Played frisbee with my daughters and a neighbor boy for an hour. Quality time spent with one’s children is always giving … and receiving.
In the April 2011 edition of the Atlantic Monthly, Graeme Wood discusses the results of a soon-to-be-published study about the super wealthy. “Does great wealth bring fulfillment?” The study suggests — no.
The article highlights many interesting insights into a world most of us will never know, but this tidbit is fascinating,
“One complaint that Kenny commonly hears in his practice and has found echoed in the survey results is the sense of isolation that extreme wealth can engender. ‘Wealth can be a barrier to connecting with other people,’ writes the spouse of a tech wizard who cashed in to the tune of $80 million.”
When you give your time, you have the opportunity to connect with people outside your normal social circles. It opens a door to a more fulfilling life in my humble opinion. And there is very little pressure. Everyone appreciates a volunteer.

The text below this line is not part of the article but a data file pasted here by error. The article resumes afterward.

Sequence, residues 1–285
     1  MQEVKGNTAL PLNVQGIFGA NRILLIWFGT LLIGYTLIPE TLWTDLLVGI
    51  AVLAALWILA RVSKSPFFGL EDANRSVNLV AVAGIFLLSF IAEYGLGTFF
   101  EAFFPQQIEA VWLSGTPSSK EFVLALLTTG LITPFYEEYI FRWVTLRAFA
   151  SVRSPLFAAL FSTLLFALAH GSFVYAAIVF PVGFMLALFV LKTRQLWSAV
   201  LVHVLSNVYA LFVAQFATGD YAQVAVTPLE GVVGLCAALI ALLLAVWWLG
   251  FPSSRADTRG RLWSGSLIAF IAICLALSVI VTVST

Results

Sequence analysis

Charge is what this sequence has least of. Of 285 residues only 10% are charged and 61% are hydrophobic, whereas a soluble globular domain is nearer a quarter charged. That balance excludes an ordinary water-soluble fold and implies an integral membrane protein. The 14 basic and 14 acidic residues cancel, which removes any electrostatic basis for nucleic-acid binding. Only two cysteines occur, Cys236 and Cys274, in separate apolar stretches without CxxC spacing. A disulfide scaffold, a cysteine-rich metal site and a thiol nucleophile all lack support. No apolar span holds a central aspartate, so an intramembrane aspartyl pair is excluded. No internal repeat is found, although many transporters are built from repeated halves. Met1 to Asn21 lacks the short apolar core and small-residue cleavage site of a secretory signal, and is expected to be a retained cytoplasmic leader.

When I volunteered in April to paint a house, I didn’t need to know the social status of the people I worked with. I worked, talked and laughed with about a dozen people from all walks of life.
I met a man with Parkinson’s disease who was still working away in spite of the tremors. He and I talked about my mother’s own battle with the disease. We shared something small.
Giving our time is available, right now, to all of us. It makes connections and helps stave off isolation.
Regardless of how much money we have.